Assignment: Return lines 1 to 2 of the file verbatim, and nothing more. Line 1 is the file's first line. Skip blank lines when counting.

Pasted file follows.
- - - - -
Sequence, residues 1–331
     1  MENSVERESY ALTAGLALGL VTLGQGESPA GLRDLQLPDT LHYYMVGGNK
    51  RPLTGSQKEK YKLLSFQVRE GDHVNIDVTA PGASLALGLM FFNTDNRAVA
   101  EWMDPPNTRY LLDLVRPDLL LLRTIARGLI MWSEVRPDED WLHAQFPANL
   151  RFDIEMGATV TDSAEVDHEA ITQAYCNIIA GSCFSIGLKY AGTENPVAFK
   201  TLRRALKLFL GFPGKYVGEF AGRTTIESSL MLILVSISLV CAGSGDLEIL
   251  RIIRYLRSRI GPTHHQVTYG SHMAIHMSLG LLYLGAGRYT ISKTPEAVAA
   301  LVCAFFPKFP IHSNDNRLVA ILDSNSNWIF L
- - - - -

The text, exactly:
Sequence, residues 1–331
     1  MENSVERESY ALTAGLALGL VTLGQGESPA GLRDLQLPDT LHYYMVGGNK